The great shakeout

Holiday sales are important to established online sites, but they are even more vital to smaller, lesser-known sites struggling to break through the online clutter and establish a presence in the minds of consumers.

"All these little guys who didn’t exist several months ago, who have been placing all their eggs in one basket, may find that there are only so many eggs to go around," Fader says. "On January 15, when everybody does their holiday counting, e-tailers may find that sales were higher but not nearly as high as expected. This holiday season will be the trigger for the great shakeout, and a lot of people who are worth a lot of money right now will not be around next holiday season."

Some sites have already experienced outages and slowdowns due to the point-and-click shopping crunch, as anyone knows who has tried to order from certain companies in recent days. "The net has promised a wide variety of products, great prices, wonderful convenience and secure transactions," notes Schmittlein, "but there’s the potential for a great deal of frustration." To counter that, he adds, "several leading Internet retailers have spent dramatically over the last six to eight months to increase their capability. The question is whether they have grown as fast as demand has grown. The jury’s still out on this one."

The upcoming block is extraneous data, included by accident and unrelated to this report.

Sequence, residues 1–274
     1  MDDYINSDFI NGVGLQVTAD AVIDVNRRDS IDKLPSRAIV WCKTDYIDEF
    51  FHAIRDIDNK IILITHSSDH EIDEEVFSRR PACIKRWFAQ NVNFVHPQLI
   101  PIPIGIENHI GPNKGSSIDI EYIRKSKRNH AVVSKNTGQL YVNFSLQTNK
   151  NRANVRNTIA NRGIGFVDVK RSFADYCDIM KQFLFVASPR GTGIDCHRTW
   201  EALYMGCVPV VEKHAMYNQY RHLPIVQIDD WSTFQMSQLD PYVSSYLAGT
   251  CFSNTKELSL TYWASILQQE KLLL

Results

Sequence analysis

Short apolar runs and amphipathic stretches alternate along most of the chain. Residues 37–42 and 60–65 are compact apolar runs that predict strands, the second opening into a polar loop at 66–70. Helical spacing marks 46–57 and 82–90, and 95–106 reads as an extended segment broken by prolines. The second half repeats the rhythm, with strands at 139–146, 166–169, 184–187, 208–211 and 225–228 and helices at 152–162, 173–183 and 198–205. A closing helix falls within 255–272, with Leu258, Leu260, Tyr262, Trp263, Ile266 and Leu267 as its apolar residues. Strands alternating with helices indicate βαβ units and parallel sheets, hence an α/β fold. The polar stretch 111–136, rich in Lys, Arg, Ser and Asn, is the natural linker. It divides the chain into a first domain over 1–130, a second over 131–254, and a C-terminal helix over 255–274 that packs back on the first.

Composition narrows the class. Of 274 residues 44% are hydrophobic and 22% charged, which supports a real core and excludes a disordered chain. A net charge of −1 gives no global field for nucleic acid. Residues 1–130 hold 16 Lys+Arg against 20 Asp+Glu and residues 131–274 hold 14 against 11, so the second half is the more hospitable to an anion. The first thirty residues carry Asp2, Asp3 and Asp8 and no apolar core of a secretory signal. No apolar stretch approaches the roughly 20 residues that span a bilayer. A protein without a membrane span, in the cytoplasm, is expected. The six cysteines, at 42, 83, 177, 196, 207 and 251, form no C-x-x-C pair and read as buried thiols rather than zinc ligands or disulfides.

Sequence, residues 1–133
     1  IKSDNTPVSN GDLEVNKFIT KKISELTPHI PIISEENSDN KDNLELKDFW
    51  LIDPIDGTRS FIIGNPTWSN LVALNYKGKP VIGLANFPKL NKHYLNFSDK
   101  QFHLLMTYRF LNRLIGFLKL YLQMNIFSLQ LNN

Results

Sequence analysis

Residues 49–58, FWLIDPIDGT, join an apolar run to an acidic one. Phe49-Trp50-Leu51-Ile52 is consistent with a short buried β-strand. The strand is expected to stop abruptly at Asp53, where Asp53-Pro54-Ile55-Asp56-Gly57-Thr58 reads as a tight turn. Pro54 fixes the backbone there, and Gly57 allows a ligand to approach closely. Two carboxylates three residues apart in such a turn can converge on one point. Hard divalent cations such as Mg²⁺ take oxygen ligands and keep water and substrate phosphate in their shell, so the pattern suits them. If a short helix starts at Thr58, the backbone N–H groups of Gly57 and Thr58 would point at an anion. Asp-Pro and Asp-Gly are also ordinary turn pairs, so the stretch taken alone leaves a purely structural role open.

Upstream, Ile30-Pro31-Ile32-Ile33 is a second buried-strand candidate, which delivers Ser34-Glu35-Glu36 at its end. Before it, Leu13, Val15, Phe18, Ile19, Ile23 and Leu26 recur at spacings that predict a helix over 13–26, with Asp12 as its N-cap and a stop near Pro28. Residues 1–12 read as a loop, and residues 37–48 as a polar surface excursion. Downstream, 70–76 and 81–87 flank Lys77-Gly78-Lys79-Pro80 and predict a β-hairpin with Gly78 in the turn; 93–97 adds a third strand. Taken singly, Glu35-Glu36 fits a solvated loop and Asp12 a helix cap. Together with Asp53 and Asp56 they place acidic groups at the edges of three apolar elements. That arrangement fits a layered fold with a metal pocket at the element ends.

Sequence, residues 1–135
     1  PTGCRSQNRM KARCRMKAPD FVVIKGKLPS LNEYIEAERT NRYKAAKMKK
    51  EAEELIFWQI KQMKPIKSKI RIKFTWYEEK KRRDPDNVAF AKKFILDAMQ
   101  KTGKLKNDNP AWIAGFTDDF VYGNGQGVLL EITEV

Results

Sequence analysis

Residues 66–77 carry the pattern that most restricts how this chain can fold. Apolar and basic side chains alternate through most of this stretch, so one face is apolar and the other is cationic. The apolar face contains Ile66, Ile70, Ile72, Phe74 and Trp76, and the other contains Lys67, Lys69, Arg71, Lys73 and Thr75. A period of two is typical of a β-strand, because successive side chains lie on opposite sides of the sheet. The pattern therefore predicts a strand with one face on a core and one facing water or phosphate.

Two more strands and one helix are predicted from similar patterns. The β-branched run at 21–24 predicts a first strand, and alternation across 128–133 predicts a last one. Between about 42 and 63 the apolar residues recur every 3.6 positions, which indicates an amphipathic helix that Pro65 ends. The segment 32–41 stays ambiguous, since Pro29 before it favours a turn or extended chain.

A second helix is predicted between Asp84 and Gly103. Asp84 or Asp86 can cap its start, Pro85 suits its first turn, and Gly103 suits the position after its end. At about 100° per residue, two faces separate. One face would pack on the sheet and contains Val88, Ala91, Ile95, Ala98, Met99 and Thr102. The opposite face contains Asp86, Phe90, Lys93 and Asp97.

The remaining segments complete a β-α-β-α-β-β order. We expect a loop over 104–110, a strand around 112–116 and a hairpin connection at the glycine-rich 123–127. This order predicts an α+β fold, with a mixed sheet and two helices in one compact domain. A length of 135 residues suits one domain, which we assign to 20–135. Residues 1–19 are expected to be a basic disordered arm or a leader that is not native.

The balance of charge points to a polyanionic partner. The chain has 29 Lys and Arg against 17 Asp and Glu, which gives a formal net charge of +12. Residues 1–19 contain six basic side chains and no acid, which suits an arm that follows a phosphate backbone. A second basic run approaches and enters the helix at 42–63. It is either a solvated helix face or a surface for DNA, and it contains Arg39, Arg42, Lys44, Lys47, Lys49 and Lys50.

Schmittlein says one reason this Christmas season is critical for e-tailers is that holiday shopping will test e-tailers’ claims that online shopping can match traditional window-shopping by allowing consumers to use search engines to generate gift ideas, compare prices and find products they didn’t even know they wanted.

In some ways, adds marketing professor Barbara Kahn, more is at stake for online retailers than the bricks-and-mortar companies.

"A lot of the people in online retailing are newcomers," Kahn says. "They don’t know how to manage inventory or logistics. [One of the biggest challenges] is managing uneven demand. If you’re ready for the peak, that’s fine, but you can’t keep your inventory at those levels all the time. Will e-tailers be able to deliver packages on time? If they deliver on December 26, it’s over. They have a lot to lose if they mess up. Last-minute shopping is not an area e-tailers are experienced in."

Kahn and Fader agree that smaller e-tailers are at greater risk than firms with a track record. "Brand name matters more than ever," Kahn says. "The first one in has an advantage. Amazon and eToys have a huge advantage in brand awareness."

"Branding matters much more than at any other time of the year," Fader adds. "People don’t want to do extensive searching. They just want to get a gift."